Check NCERT Solution for Class 9 Economics - Chapter 1: The Story of Village Palampur. These solutions are based on the latest edition of Class 9 Economics NCERT textbook 2020-21. If you don’t have latest edition of the book then you can download PDF from the link given below
NCERT Solutions for Class 9 Economics - Chapter 1: The Story of Village Palampur
1. Every village in India is surveyed once in ten years during the Census and some of details are presented in the following format. Fill up the following based on information on Palampur.
b. TOTAL AREA OF THE VILLAGE:
c. LAND USE (in hectares):
a. Location: Bulandshahr District (Uttar Pradesh West)
b. Total Area of the Village: 226 hectares
c. Land Use (in hectares):
2. Modern farming methods require more inputs which are manufactured in industry. Do you agree?
Yes, higher yield is possible only from a combination of HYV seeds, irrigation, chemical fertilisers, pesticides, tubewells for irrigation, and pesticides in farming besides farm machinery, like tractors and threshers, which is necessary for faster ploughing and harvesting faster.
3. How did the spread of electricity help farmers in Palampur?
Electricity came early to Palampur. Its major impact was to transform the system of irrigation. Persian wheels were, till then, used by farmers to draw water from the wells and irrigate small fields. People saw that the electric-run tubewells could irrigate much larger areas of land more effectively. The first few tubewells were installed by the government. Soon, however, farmers started setting up private tubewells. As a result, by the mid-1970s the entire cultivated area of 200 hectares (ha.) was irrigated. To grow more than one crop on a piece of land during the year is known as multiple cropping. It is the most common way of increasing production on a given piece of land. All farmers in Palampur grow at least two main crops; many are growing potatoes as the third crop in the past fifteen to twenty years.
4. Is it important to increase the area under irrigation? Why?
Of the total cultivated area in the country a little less than 40 per cent is irrigated even today. In the remaining areas, farming is largely dependent on rainfall. In India, rainfall is not regular and irrigation is important to get better crop yield and hence it is important to increase the area under irrigation.
5. Construct a table on the distribution of land among the 450 families of Palampur.
6. Why are the wages for farm labourers in Palampur less than minimum wages?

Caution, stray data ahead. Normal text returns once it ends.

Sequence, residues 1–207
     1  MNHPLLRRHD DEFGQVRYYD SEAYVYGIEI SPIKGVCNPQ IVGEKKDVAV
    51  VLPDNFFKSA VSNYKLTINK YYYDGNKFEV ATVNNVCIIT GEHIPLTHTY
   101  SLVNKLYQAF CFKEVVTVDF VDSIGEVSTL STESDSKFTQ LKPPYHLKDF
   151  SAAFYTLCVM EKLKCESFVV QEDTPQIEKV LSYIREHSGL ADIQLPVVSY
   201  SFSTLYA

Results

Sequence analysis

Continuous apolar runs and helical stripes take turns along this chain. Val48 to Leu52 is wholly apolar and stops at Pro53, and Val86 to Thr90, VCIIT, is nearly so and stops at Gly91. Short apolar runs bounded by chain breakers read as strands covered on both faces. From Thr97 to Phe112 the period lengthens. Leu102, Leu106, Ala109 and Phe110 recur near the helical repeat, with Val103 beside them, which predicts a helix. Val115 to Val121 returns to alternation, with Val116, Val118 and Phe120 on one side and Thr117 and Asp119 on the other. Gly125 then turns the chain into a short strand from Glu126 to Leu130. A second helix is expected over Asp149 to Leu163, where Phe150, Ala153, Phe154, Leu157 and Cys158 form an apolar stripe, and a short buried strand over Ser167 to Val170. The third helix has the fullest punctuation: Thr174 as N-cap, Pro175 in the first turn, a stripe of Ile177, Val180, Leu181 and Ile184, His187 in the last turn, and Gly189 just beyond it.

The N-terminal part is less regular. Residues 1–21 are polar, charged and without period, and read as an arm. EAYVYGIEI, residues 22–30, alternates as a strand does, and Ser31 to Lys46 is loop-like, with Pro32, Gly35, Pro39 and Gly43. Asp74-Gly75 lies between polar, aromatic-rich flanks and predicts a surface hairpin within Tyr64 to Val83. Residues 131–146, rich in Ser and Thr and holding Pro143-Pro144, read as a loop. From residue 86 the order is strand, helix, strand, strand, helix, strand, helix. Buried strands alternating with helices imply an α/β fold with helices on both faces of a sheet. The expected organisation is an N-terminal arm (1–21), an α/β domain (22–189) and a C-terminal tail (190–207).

Due to heavy competition for work among the farm labourers in Palampur, people often agree to work for lower wages.
7. In your region, talk to two labourers. Choose either farm labourers or labourers working at construction sites. What wages do they get? Are they paid in cash or kind? Do they get work regularly? Are they in debt?
Do it yourself.
8. What are the different ways of increasing production on the same piece of land? Use examples to explain.
Multiple cropping and the use of modern farming methods are some of the ways to increase production on the same piece of land.
In multiple cropping, different crops are grown in different seasons of a year. For example, jowar and bajra grow during the rainy season, followed by potatoes between October and December and during the winter season, wheat is sown in the fields. During the rainy season (kharif) farmers grow jowar and bajra. It is followed by the cultivation of potatoes between October and December. In the winter season (rabi), fields are sown with wheat.
In modern farming, HYV seeds, chemical fertilizers, pesticides and proper irrigation is used to increase the yield.
9. Describe the work of a farmer with 1 hectare of land.
Generally, all the work is done by the farmer and his family members in the land. Major work involves ploughing, sowing of seeds, harvesting and taking the product to the market.
10. How do the medium and large farmers obtain capital for farming? How is it different from the small farmers?
Medium and large farmers easily get loans from banks as they have home and lands. Medium and large farmers often put surplus cash by selling their crops for next season. Small farmers have small sizes of plots and their production is not enough.The lack of surplus means that they are unable to obtain capital from their own savings, and have to borrow from local money lenders as they don’t get loans from banks, easily.
11. On what terms did Savita get a loan from Tajpal Singh? Would Savita’s condition be different if she could get a loan from the bank at a low rate of interest?
Savita estimated that the working capital itself would cost a minimum of Rs 3,000. She doesn’t have the money, so she decides to borrow from Tejpal Singh, a large farmer. Tejpal Singh agrees to give Savita the loan at an interest rate of 24 per cent for four months, which is a very high-interest rate. Savita also had to promise to work on his field as a farm labourer during the harvest season at Rs 100 per day.
If she could get a loan from the bank at a low rate of interest then she can concentrate on her land instead of working as a labourer in Tejpal Singh’s farm at very low wage.
12. Talk to some old residents in your region and write a short report on the changes in irrigation and changes in production methods during the last 30 years. (Optional)
Do it yourself.
13. What are the non-farm production activities taking place in your region? Make a short list.
Some of the activities are:
14. What can be done so that more non-farm production activities can be started in villages?
Proper and training and suitable infrastructure must be provided to promote non-farm activities. The government should also provide capital via loans at low interest. Good connectivity between cities and villages and transport is also important to promote non-farm production activities.